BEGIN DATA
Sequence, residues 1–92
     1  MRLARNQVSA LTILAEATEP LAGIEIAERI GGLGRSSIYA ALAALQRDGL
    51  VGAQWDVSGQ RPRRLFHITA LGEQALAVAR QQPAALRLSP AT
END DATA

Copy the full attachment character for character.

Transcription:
Sequence, residues 1–92
     1  MRLARNQVSA LTILAEATEP LAGIEIAERI GGLGRSSIYA ALAALQRDGL
    51  VGAQWDVSGQ RPRRLFHITA LGEQALAVAR QQPAALRLSP AT